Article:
Mathematics & creativity

Have you heard the tale of Mother Holle?

Mother Holle

A quick outline of the story for those who don’t know it.

(It can also be found on my yurls site  )


Once upon a time there were two girls, Gold Marie and Pech Marie.

Gold Marie had to do all the work and Pech Marie could play all day!

Gold Marie went to get some water from the well and accidently dropped the bucket in! Her stepmother made her jump into the well to get it.

At the bottom of the well was another world, Gold Marie walked past an apple tree. The tree is full of apples and asks Gold Marie to help it, she shakes the tree to get out the apples and puts them in a basket.

Then she passes an oven, the oven asks her to help it, so she takes out the bread.

Then Gold Marie comes to a house, Mother Holle lives in the house. She asks Gold Marie to stay with her and help her for a year and a day. Every day Gold Marie has to shake up the duvet so that the feathers fly around, and then it snows on Earth.


After a year and a day, Gold Marie can go home, she stands in Mother Holle’s special fireplace and is covered with gold.


When she arrives home her stepmother sees the gold and throws her own daughter (Pech Marie) down the well. She doesn’t help the tree or the oven. She helps Mother Holle for 2 days and then she stays in bed all day. Mother Holle decides to send her home. Pech Marie stands in Mother Holle’s special fireplace and is covered in tar.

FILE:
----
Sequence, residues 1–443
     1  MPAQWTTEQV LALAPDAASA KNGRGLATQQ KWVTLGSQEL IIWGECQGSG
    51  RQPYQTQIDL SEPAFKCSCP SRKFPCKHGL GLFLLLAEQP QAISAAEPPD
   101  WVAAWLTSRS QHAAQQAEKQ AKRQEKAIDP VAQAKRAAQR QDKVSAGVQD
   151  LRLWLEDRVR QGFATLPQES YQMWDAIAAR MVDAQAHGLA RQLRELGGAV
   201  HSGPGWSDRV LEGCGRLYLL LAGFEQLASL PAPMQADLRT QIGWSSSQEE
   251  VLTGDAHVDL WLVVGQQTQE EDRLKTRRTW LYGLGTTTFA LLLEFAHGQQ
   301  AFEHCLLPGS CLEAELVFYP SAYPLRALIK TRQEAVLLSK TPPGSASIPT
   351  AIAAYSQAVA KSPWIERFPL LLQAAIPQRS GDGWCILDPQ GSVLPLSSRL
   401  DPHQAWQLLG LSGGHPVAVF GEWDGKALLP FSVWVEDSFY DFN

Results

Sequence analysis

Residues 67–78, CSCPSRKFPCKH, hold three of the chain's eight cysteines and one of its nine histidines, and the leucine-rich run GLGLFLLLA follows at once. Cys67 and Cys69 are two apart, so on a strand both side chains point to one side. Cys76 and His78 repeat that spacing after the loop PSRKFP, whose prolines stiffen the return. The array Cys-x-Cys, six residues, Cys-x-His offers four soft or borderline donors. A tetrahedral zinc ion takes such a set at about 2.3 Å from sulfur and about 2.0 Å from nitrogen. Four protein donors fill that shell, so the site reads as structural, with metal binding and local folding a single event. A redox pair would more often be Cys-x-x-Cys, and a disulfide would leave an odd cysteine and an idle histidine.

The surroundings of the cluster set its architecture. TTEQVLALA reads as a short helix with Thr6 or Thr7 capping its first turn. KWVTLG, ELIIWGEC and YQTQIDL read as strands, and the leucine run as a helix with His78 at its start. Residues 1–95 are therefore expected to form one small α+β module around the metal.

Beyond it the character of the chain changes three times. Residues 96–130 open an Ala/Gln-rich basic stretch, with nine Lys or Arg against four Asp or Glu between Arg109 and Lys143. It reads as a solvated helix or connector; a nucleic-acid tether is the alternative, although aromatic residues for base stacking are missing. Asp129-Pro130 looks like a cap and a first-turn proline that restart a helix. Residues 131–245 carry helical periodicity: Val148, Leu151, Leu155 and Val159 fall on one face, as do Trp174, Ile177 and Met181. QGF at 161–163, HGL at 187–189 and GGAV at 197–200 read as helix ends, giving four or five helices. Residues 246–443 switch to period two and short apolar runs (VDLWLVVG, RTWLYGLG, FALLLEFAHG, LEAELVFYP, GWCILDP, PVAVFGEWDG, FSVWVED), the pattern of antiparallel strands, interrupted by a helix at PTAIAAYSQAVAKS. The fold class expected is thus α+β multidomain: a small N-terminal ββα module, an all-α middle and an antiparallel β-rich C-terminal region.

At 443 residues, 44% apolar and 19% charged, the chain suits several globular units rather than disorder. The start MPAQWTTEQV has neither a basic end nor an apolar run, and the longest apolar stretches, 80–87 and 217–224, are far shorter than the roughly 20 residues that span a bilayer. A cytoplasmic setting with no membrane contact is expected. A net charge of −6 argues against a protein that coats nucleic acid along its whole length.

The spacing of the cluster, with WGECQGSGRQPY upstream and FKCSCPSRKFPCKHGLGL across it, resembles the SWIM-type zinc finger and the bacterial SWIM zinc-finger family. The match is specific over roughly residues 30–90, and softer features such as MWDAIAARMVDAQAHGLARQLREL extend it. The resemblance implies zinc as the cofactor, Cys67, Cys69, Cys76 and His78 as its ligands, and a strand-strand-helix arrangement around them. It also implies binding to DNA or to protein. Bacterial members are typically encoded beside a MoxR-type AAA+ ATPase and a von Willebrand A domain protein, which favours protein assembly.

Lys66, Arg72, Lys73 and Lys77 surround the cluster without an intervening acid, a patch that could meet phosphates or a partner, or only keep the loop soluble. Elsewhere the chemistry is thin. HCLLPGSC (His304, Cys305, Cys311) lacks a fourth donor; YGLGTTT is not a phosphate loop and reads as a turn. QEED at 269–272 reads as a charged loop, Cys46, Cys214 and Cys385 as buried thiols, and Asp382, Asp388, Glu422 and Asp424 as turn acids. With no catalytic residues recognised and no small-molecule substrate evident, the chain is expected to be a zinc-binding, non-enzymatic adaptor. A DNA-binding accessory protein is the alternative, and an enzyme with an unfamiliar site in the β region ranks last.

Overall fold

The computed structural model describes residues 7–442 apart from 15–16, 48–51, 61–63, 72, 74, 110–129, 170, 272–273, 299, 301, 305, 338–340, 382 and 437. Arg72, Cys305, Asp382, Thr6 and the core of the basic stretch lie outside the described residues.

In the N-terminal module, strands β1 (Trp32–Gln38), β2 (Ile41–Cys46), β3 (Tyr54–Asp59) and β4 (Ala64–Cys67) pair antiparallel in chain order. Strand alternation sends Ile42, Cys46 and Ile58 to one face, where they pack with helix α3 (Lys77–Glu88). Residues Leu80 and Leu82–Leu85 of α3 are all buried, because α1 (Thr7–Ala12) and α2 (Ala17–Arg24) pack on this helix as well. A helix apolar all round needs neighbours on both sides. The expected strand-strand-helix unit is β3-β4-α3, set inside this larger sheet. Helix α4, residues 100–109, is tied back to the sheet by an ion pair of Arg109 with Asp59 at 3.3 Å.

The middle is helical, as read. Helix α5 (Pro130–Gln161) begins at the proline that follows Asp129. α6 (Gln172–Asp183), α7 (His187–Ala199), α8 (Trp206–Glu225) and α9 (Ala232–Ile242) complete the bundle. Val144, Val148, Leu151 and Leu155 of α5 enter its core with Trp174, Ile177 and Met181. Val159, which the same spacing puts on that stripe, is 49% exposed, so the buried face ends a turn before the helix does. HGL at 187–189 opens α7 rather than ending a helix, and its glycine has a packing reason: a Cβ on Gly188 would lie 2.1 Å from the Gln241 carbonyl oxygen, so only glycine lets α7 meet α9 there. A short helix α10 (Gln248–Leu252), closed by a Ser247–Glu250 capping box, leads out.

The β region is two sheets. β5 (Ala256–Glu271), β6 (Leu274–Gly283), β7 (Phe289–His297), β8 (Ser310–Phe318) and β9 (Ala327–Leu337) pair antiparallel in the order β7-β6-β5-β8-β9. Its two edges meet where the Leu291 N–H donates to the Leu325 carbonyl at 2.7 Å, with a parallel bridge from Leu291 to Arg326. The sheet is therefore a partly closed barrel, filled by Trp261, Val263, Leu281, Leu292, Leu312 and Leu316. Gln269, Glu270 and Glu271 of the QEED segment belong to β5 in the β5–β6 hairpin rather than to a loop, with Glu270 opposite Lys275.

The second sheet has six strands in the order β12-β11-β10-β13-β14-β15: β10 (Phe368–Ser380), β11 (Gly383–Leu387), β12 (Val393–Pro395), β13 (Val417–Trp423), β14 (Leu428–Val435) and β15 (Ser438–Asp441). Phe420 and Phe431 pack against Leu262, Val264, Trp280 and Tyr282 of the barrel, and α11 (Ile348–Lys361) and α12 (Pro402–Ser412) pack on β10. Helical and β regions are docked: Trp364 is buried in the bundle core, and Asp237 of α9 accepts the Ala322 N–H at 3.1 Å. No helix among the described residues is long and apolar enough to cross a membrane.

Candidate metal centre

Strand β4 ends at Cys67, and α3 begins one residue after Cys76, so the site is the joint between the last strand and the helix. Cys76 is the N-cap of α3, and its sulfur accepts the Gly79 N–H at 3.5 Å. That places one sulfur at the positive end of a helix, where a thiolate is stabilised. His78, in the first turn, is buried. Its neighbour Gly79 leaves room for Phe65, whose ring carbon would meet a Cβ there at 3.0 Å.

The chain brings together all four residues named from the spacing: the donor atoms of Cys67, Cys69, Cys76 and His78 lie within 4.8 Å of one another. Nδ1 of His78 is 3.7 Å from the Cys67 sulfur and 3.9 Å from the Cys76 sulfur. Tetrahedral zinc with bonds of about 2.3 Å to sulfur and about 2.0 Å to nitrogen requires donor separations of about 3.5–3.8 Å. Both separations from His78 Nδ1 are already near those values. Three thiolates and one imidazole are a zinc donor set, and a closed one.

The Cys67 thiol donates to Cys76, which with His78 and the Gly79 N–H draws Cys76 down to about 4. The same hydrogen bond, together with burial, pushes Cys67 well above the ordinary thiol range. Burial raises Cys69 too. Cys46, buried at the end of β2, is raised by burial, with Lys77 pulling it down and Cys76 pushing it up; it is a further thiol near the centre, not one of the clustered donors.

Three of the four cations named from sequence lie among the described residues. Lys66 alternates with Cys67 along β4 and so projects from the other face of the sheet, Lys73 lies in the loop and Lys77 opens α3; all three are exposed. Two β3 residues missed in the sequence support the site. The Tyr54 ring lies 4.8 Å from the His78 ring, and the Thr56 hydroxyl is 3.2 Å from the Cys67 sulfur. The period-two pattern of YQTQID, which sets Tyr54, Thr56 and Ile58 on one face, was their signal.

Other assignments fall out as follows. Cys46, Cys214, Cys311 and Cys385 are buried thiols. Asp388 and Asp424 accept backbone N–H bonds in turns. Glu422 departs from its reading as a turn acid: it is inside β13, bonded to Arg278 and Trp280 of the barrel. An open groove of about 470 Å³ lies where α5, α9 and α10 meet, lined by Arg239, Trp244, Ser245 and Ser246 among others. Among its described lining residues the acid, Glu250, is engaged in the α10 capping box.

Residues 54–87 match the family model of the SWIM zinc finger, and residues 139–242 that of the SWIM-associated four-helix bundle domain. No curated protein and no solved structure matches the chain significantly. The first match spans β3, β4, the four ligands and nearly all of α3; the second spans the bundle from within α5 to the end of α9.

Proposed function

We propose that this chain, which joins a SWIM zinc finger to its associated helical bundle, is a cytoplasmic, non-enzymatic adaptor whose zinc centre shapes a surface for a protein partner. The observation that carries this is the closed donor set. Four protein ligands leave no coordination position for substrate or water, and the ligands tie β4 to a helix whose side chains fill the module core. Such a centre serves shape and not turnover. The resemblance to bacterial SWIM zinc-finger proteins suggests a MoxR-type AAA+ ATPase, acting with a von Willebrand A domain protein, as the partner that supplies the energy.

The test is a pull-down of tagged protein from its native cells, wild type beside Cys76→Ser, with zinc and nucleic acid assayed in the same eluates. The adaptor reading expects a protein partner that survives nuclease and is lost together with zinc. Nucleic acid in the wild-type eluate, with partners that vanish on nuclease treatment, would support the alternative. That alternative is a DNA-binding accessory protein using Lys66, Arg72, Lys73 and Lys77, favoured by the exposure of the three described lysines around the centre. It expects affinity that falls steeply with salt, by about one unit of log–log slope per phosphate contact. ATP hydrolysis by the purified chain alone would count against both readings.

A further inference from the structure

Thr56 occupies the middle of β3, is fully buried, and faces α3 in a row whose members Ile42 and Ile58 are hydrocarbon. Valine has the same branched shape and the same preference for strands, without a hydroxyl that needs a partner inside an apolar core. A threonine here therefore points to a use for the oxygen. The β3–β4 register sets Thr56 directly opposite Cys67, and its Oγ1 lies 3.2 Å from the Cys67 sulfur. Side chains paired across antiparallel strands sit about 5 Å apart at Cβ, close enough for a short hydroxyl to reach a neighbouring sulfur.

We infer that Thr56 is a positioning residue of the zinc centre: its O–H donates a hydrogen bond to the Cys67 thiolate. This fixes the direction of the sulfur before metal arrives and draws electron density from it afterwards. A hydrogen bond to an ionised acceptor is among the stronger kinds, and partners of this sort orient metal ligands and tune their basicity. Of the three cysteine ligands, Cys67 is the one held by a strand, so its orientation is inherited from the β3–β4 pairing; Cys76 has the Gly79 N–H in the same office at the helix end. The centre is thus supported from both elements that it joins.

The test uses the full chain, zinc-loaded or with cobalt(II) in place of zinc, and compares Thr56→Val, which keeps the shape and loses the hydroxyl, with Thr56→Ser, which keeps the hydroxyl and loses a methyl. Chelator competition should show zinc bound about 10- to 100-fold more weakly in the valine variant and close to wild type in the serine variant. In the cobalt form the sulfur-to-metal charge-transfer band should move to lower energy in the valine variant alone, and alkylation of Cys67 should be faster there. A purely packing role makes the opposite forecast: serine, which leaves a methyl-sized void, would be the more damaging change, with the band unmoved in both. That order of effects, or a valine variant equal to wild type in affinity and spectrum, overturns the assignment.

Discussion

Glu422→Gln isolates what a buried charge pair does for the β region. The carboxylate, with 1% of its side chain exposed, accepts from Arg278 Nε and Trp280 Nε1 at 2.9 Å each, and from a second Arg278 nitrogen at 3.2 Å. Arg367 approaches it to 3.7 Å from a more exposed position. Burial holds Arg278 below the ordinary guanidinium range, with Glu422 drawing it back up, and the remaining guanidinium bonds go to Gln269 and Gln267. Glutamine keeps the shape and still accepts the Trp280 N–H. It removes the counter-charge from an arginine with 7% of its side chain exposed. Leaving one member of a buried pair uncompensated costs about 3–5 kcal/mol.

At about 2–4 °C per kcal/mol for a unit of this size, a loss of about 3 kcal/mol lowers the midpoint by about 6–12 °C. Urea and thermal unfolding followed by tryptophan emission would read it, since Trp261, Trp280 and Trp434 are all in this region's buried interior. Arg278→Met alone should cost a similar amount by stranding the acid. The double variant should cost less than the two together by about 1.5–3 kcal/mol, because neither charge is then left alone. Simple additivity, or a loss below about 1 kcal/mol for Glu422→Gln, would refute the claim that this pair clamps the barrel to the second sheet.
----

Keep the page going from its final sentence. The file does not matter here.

How to use the story of Mother Holle in the classroom

We made a display showing different parts of the story.  The apple trees, the cakes in the oven, the well, the fireplace with Gold Marie and Pech Marie and Mother Holle and her duvet with the feathers flying round.

Mother Holle well and trees

The Mother Holle display

Mother Holle gold and tar

Gold Marie and Pech Marie in Mother Holle’s fireplace

mother Holle shaking her duvet

Mother Holle shaking out her duvet so the feathers fly round and it snows on earth.


The children each made a repeating colour pattern on a strip of paper, these were stuck together to make Mother Holle’s duvet. Differentiation was made in the complexity of the pattern produced.


Later (not on the photos), we added a village of houses under the feathers and exchanged some feathers for snowflakes.

The houses were made using paper-folding, changing a square into a rectangle or a triangle.

Names of shapes were discussed and cause and effect. Differentiation was made into the size of paper used depending on the level of dexterity of the child.


Other maths activities for Mother Holle included:


  • Counting apples, buns, feathers, snowflakes
  • Cooking:  baking bread, making applesauce- weighing the ingredients, setting the temperature and timer on the oven etc.
  • Using ovals and circles of different sizes to make the characters’ faces for the display
  • Symmetry: find matching snowflake halves
  • Comparing and ordering: feathers, snowflakes, apples, buns
  • Sorting by shape/colour/pattern: feathers, snowflakes, apples, buns


This is a great example of how a story can lead to all sorts of mathematical activities. The class enjoyed the story so much that we did a performance  for the parents with the songs on my yurls. The part they enjoyed the most was throwing fake snowballs at their parents after Mother Holle had made it snow!